Mugan disagrees with this assessment and claims that there is evidence that the Dogon inherited space alien knowledge of Sirius from Egypt. He begins by focusing two critiques of van Beek published in Current Anthropology alongside Van Beek’s 1991 article. One of the critics was in fact Griaule’s daughter, who is perhaps not the most disinterested source. The thrust of this criticism is that Van Beek was not privy to the Dogon’s true secrets because he didn’t have the same level of initiation as Griaule in Dogon ritual life. This criticism depends on us believing that the Dogon are exceptional secret keepers and that not a single trace of their space alien knowledge manifests in any other aspect of their culture. It’s a tall order, and not one supported by most other anthropological researchers since 1991.
The crux of Mugan’s argument rests on a 1960 book by Eva Meyerowitz, the wife of a British colonial official in the Gold Coast, claiming that the Akan of Ghana inherited Egyptian notions of divine kingship. After her husband’s suicide, Meyerowitz devoted herself to studying the Akan-speaking peoples of the region. Meyerowitz, like many colonialists of her day, did not believe Black Africans could develop advanced cultures. She therefore attributed most aspects of Akan culture to Libyan Berbers who supposedly migrated south and brought their superior Greco-Egyptian-derived knowledge with them from the high cultures of the Mediterranean. Anthropologists today, however, trace the origins of the Akan people to the sixth century CE and peoples of the Sahara desert or the Sahel region. The Akan oral histories trace the origins of their ruling clan back to the Sudan before Islam, so there is a potentially plausible connection to Egypt, albeit a tenuous one separated in time by 1500 years or more.
According to later reappraisals of Meyerowitz’s work by Dennis Mike Warrens in 1970 and others, her analysis was faulty and her facts wrong, based in large measure on her lack of familiarity with local language and customs. Her distortions of Ghanaian history are the “most famous” case of bad anthropology in the country, according to A. Darkwah et al., writing in Changing Perspectives on the Social Sciences in Ghana (2014).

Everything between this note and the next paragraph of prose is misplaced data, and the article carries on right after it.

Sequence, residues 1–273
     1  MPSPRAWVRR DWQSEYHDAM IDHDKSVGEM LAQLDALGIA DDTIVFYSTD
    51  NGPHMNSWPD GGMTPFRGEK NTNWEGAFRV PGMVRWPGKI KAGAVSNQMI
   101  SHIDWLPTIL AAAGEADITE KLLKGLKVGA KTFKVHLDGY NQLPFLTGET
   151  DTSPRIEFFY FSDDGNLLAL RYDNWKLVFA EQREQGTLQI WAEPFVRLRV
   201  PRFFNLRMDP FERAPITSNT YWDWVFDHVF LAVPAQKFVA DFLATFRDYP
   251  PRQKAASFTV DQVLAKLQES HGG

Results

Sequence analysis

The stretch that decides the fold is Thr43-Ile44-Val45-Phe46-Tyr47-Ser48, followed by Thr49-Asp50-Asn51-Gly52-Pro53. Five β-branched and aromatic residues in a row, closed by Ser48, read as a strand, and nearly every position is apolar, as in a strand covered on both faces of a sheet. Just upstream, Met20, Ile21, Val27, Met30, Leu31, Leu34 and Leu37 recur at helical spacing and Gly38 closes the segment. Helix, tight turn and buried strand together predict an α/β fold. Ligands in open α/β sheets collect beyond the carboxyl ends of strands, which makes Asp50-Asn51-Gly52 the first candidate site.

Robert Temple had used Meyerowitz’s claims of a Berber origin for the Akan (gained secondhand from Robert Graves, who misused them for other purposes; Temple never read Meyerowitz) to support his similar—and completely unsupported claim—that the Dogon were the descendants of the Greek colonists of Libya, specifically Jason’s Argonauts.
Mugan feels that similarities between the Dogon, the Akan, and the Egyptians demonstrate a connection. These similarities include:
- The Akan’s chief goddess had three forms, while the Dogon Sirius was a triple star.
- The Akan goddess’s symbol was two crossed arrows, similar to that of the Semitic god Assur, whom Mugan identifies with Osiris on the basis of some long outdated books that assumed a Mesopotamian origin for Egyptian culture.
- All three cultures use the number seven.
- The Akan have a symbol that looks something like an Egyptian djed pillar. (This last one comes from Meyerowitz but even modern supporters of the Egypt-Akan connection do not follow her version, substituting different sticks and figurines.)
In support of the alleged connection among these culture, Mugan cites outdated books and fringe websites, which lends his argument no credence. But even taking it at face value, it offers no evidence for any diffusion of space alien star knowledge.
Mugan then drags Andrew Collins’s ideas about Göbekli Tepe into the discussion to suggest that it wasn’t aliens but Western Asian super-elites who discovered the Sirius knowledge and seeded it across the high cultures of the Mediterranean. This is apparently his attempt to seem more reasonable than Robert Temple, but the long and short of it is still the same: The “Sirius complex of ideas” is built on a foundation of imaginary connections born of outdated research, fringe ideas, and the ever-present belief in the fallacy of “looks like, therefore is.”